Tags: spa

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Wednesday, October 28th, 2020

Portals and giant carousels

I posted something recently that I think might be categorised as a “shitpost”:

Most single page apps are just giant carousels.

Extreme, yes, but perhaps there’s a nugget of truth to it. And it seemed to resonate:

I’ve never actually seen anybody justify SPA transitions with actual business data. They generally don’t seem to increase sales, conversion, or retention.

For some reason, for SPAs, managers are all of a sudden allowed to make purely emotional arguments: “it feels snappier”

If businesses were run rationally, when somebody asks for an order of magnitude increase in project complexity, the onus would be on them to prove that it proportionally improves business results.

But I’ve never actually seen that happen in a software business.

A single page app architecture makes a lot of sense for interaction-heavy sites with lots of state to maintain, like twitter.com. But I’ve seen plenty of sites built as single page apps even though there’s little to no interactivity or state management. For some people, it’s the default way of building anything on the web, even a brochureware site.

It seems like there’s a consensus that single page apps may have long initial loading times, but then they have quick transitions between “pages” …just like a carousel really. But I don’t know if that consensus is based on reality. Whether you’re loading a page of HTML or loading a chunk of JSON, you’re still making a network request that will take time to resolve.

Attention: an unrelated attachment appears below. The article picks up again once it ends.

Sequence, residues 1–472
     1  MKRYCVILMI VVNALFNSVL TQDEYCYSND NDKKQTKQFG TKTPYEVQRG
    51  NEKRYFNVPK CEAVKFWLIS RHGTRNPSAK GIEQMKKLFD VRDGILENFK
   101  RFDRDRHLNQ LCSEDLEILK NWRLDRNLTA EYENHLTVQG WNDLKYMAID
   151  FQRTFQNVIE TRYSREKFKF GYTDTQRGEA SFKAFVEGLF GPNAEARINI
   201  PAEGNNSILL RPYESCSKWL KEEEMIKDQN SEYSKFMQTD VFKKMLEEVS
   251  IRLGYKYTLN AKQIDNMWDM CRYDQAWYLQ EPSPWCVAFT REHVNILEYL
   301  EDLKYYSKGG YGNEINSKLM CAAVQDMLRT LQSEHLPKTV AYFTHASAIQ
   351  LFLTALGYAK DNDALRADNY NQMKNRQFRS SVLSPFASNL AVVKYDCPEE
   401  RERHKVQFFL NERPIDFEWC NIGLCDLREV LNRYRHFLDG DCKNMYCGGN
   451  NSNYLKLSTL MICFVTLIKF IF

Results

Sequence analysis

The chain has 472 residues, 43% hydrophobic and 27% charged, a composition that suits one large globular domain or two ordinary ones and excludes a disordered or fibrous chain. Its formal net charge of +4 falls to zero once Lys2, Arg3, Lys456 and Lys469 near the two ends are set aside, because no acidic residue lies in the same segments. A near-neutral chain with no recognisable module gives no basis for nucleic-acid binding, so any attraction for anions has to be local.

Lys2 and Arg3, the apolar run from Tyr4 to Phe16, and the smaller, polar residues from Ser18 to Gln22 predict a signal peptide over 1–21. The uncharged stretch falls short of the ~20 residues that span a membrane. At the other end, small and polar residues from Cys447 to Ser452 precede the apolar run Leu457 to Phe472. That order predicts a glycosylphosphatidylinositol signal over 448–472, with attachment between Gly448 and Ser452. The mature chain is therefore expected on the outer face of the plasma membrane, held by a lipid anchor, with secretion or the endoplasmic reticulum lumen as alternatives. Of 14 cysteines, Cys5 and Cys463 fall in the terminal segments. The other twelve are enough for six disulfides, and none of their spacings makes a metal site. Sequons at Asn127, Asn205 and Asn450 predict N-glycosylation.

The argument for loading a chunk of JSON is that you don’t have to make any requests for the associated CSS and JavaScript—they’re already loaded. Whereas if you request a page of HTML, that HTML will also request CSS and JavaScript.

Leaving aside the fact that is literally what the browser cache takes of, I’ve seen some circular reasoning around this:

  1. We need to create a single page app because our assets, like our JavaScript dependencies, are so large.
  2. Why are the JavaScript dependencies so large?
  3. We need all that JavaScript to create the single page app functionlity.

To be fair, in the past, the experience of going from page to page used to feel a little herky-jerky, even if the response times were quick. You’d get a flash of a white blank page between navigations. But that’s no longer the case. Browsers now perform something called “paint holding” which elimates the herky-jerkiness.

So now if your pages are a reasonable size, there’s no practical difference in user experience between full page refreshes and single page app updates. Navigate around The Session if you want to see paint holding in action. Switching to a single page app architecture wouldn’t improve the user experience one jot.

Except…

If I were controlling everything with JavaScript, then I’d also have control over how to transition between the “pages” (or carousel items, if you prefer). There’s currently no way to do that with full page changes.

This is the problem that Jake set out to address in his proposal for navigation transitions a few years back:

Having to reimplement navigation for a simple transition is a bit much, often leading developers to use large frameworks where they could otherwise be avoided. This proposal provides a low-level way to create transitions while maintaining regular browser navigation.